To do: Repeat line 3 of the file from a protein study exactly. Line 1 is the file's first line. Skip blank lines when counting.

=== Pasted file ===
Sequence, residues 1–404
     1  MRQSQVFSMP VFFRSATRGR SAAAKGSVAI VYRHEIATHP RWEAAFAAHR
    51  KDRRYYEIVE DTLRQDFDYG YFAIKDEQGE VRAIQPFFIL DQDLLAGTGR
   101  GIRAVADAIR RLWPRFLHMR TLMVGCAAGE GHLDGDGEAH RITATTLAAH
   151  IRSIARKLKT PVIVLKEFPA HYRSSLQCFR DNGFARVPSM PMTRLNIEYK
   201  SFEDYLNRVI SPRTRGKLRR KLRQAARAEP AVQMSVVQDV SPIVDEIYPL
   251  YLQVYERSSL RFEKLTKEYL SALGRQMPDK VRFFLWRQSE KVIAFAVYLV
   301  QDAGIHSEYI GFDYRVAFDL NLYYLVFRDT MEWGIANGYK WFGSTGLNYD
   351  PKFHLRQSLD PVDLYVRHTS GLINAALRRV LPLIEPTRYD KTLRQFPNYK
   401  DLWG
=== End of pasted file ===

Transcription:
    51  KDRRYYEIVE DTLRQDFDYG YFAIKDEQGE VRAIQPFFIL DQDLLAGTGR